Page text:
The Episcopal Church is a part of the wider Christian Church that encompasses many denominations and non-denominational Christian churches throughout the world. In the United States the Episcopal Church grew out of the Church of England, which was supported by many of the early colonists in New England. After the American Revolution, Church of England congregations in the newly independent States reorganized themselves as a new church—free from the King of England and from oversight by English bishops. The new church took the name “Episcopal,” meaning “having bishops,” to emphasize the historic ministry of bishops, priests and deacons. The new church has continued to use the Book of Common Prayer, with certain revisions, which has been used for centuries by the Church of England as the foundational source for worship, prayer, sacrament, and belief.
Today the Episcopal Church is also an independent branch of the worldwide Anglican Communion, and members are known both as “Episcopalians” and “Anglicans.” The Episcopal Church is one of 30 autonomous national churches that are part of the Anglican Communion. The Communion has over 70 million members in 164 countries and is the third largest body of Christians in the world, after the Roman Catholic and Eastern Orthodox traditions. The Episcopal Church numbers between 2–3 million of those 70 million members.
The Episcopal Church exists to continue the ministry begun by Jesus Christ. As Episcopalians we believe:
- The Holy Scriptures are the Word of God, written by God-inspired human authors, and interpreted by the Church with the guidance of the Holy Spirit.
- The Nicene Creed is the basic statement of our belief about God. It was adopted in the 4th century A.D. by early church leaders and is said every Sunday in Episcopal churches and many other Christian churches around the world.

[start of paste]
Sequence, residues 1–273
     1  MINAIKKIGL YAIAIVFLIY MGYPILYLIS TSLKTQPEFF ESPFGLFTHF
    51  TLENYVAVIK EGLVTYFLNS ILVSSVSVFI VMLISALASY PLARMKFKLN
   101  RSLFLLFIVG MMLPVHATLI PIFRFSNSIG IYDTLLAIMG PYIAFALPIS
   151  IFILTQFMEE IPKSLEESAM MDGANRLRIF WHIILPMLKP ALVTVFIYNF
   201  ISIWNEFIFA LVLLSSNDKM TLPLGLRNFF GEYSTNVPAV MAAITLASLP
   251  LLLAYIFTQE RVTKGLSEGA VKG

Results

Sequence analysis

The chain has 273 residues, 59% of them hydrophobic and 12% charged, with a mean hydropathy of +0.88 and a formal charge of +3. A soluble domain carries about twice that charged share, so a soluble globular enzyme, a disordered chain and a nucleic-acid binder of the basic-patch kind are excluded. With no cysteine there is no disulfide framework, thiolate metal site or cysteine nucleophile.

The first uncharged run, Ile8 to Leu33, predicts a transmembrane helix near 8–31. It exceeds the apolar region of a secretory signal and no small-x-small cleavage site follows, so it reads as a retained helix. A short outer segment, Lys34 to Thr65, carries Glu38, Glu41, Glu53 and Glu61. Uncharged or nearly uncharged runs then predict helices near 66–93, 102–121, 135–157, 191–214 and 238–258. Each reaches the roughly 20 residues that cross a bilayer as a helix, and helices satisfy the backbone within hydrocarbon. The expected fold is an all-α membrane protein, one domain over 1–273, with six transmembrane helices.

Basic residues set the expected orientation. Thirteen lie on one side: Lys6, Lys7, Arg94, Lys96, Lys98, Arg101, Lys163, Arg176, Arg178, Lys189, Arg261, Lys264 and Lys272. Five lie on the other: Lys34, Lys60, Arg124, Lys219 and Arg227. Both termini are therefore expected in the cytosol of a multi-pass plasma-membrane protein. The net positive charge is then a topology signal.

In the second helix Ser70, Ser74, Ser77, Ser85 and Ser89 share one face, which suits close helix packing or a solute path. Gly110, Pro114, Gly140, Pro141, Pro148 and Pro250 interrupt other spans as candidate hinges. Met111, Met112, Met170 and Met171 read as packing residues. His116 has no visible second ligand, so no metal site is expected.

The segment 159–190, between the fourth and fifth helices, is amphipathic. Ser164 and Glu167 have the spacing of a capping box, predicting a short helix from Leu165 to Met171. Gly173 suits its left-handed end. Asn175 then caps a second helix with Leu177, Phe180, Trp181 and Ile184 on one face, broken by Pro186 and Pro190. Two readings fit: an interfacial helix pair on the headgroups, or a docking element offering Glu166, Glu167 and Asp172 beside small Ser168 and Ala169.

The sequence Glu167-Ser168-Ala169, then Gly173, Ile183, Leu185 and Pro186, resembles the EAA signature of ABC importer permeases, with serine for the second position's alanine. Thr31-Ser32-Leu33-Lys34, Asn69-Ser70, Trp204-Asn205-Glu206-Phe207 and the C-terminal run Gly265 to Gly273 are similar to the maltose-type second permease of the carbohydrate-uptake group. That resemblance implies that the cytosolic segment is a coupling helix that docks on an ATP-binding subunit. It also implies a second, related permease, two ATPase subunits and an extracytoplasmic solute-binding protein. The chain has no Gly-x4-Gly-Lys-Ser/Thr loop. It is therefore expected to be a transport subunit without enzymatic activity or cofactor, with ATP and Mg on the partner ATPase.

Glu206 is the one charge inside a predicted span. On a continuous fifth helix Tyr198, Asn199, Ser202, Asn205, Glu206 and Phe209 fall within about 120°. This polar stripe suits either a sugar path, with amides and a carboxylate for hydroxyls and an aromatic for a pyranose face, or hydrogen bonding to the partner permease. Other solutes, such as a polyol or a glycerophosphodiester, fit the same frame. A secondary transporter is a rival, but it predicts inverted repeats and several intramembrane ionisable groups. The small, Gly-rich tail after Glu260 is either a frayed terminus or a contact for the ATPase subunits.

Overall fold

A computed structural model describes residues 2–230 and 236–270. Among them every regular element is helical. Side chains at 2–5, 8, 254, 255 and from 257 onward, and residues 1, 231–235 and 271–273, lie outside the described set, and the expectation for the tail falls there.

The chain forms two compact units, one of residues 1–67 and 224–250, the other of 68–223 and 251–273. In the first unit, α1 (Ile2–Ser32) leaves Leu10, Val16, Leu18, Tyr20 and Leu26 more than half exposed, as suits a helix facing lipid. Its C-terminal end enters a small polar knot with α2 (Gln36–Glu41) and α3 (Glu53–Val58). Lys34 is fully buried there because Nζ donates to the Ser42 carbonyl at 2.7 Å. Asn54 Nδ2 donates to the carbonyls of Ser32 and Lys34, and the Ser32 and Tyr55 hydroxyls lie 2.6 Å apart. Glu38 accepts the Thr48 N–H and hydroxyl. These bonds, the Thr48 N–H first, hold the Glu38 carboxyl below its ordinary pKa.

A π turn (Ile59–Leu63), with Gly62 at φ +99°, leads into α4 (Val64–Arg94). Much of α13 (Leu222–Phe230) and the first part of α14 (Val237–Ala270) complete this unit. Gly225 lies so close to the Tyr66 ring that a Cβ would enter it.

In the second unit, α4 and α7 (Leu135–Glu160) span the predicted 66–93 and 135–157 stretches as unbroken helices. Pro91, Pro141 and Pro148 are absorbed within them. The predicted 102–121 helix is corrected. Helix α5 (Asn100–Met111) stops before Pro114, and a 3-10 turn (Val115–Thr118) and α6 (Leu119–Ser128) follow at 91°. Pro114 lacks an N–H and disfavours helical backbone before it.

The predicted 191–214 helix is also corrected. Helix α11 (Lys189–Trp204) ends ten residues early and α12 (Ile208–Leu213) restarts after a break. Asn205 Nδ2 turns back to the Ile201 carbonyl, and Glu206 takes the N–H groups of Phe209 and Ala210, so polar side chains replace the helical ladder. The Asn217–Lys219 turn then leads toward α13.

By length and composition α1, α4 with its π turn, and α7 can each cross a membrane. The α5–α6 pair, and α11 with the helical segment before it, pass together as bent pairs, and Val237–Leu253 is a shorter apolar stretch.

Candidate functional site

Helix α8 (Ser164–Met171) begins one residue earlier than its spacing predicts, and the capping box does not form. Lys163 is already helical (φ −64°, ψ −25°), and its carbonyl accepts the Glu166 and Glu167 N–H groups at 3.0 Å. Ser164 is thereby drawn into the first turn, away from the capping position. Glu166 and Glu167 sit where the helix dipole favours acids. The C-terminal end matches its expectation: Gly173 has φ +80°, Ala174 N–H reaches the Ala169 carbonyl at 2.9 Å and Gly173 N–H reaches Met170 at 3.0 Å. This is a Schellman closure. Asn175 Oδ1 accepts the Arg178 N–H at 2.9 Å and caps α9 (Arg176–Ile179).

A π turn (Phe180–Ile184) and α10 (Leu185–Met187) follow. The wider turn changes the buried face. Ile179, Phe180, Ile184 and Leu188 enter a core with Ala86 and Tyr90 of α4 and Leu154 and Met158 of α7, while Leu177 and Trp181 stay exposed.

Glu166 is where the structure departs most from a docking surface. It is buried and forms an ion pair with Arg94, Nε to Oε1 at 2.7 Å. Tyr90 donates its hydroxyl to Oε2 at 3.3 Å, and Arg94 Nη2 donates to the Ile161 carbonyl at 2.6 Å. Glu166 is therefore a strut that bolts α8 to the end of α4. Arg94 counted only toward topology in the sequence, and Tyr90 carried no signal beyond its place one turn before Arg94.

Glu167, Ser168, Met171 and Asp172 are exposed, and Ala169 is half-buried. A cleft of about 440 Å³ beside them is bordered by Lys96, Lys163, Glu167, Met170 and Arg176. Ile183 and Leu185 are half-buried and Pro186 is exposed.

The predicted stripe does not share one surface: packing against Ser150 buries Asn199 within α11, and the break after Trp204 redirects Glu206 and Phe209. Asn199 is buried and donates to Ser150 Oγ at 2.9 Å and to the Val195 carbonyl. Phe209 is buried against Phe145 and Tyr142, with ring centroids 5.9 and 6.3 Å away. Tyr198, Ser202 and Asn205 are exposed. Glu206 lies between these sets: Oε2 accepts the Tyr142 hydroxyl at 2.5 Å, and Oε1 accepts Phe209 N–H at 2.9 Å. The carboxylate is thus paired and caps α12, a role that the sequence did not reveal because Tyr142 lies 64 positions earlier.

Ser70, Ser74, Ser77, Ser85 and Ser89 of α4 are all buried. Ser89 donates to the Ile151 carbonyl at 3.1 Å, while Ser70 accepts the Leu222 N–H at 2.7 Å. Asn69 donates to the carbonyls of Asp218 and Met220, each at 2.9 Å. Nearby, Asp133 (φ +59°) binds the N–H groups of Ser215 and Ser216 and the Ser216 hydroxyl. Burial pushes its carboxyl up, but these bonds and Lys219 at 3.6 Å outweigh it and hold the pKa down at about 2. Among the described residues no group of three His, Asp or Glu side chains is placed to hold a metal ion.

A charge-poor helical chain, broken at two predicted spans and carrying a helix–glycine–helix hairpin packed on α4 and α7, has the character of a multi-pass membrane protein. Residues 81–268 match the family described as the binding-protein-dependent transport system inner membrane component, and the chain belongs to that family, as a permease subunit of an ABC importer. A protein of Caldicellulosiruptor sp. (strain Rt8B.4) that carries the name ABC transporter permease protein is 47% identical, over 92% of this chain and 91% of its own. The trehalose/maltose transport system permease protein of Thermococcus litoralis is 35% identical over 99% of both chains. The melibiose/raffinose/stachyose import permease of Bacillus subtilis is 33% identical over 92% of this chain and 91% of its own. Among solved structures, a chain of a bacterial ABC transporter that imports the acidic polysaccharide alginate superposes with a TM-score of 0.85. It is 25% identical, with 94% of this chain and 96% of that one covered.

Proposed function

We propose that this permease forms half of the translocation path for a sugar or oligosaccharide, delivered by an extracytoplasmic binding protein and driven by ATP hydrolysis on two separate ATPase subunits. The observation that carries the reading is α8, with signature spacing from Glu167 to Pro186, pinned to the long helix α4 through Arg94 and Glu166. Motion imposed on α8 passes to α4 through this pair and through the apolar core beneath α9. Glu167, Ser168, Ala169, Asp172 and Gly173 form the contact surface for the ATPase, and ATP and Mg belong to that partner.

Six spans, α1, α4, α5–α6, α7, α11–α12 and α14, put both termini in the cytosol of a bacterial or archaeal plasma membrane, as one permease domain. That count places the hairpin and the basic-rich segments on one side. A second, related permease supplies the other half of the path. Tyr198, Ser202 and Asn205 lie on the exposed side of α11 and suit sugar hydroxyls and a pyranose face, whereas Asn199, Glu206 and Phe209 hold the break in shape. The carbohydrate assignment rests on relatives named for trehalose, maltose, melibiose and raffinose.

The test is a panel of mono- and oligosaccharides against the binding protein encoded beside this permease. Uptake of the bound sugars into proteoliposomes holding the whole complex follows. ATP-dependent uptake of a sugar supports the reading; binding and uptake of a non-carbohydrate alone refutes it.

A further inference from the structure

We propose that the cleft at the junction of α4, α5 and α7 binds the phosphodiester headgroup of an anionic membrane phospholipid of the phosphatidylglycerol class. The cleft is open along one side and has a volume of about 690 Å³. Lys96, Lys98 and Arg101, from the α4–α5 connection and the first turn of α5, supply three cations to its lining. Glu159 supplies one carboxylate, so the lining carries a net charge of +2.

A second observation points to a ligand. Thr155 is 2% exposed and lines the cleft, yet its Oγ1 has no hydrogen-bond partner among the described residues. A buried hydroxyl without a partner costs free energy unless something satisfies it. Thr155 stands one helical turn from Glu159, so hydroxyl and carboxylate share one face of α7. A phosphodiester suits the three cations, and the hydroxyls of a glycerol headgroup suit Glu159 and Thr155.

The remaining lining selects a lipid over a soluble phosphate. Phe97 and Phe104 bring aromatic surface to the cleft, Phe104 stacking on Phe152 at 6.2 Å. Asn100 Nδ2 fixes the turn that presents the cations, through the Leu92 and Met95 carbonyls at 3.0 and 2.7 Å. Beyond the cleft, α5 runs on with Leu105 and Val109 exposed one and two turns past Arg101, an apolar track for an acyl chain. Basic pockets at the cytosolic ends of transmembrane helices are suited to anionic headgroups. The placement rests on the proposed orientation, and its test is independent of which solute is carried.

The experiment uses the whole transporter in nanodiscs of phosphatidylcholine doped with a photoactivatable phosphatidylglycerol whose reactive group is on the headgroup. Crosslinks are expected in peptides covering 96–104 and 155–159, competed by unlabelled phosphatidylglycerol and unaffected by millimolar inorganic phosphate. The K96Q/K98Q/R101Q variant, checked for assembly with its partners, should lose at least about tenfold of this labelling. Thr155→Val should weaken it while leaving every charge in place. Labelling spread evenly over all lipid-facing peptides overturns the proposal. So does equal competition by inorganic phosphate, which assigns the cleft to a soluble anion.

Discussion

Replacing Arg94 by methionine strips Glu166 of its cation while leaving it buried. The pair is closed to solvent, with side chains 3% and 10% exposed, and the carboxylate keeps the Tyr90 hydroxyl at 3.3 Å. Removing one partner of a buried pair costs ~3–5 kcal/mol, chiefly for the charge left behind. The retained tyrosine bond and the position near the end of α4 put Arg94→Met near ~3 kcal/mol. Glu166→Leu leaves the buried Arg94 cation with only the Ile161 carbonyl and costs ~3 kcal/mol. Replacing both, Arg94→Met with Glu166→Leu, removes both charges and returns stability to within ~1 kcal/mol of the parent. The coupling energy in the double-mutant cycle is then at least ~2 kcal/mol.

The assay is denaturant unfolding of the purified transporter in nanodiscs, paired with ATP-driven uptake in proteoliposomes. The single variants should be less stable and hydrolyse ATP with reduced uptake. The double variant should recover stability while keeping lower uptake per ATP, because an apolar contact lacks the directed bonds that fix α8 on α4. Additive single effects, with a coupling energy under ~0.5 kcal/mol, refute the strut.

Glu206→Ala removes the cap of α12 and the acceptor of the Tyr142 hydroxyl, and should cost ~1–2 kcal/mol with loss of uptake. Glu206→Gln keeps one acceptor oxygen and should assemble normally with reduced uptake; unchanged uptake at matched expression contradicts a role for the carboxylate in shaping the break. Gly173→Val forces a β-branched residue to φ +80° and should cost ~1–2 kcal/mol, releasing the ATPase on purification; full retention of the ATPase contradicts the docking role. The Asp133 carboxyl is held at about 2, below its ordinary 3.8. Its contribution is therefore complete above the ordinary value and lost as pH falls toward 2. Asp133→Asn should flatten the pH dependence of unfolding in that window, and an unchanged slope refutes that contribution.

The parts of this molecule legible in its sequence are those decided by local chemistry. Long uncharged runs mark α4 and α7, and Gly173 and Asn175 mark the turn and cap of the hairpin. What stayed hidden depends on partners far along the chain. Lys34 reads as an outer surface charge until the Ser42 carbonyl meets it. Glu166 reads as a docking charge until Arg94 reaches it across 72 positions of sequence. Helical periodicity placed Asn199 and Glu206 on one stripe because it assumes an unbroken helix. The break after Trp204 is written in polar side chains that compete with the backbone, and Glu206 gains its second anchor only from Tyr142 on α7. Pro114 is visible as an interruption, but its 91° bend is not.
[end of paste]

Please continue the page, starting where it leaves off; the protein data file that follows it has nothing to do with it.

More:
- The two great sacraments of the Gospel, given by Christ to the Church, are Baptism and the Holy Eucharist. In Baptism we renounce Satan, repent of our sins, and adopt Jesus as our Lord and Savior. In the Holy Eucharist, the center of our worship life, we remember and participate in the life, death and resurrection of Jesus Christ until his coming again.
- The teachings and beliefs of the Episcopal Church are articulated in the Catechism, our “Outline of the Faith.”
The Episcopal Church honors tradition and strives to live by the example of Jesus Christ, welcoming the stranger, helping our neighbors and offering love and forgiveness. We want our communities to be better because the Episcopal Church is here.
WHO WE ARE
We often talk about the Episcopal Church as following the “via media” or middle way in our theology and discussions because we believe that, whether or not we agree on a particular topic, we all are children beloved by God and we can have thoughtful and respectful discourse. We worship together, study and ask questions as we move more deeply into the mystery of God and the power of the Holy Spirit in our lives.
The beauty of the Episcopal worship services appeals to people from diverse backgrounds. For those who have grown up Roman Catholic, the service (known as the Mass, Eucharist, or Holy Communion) will be very familiar. Those of Reformed tradition or no religious tradition at all may find a spiritual home in a church that respects its own tradition and maintains its sense of awe and wonder at the power and mystery of God.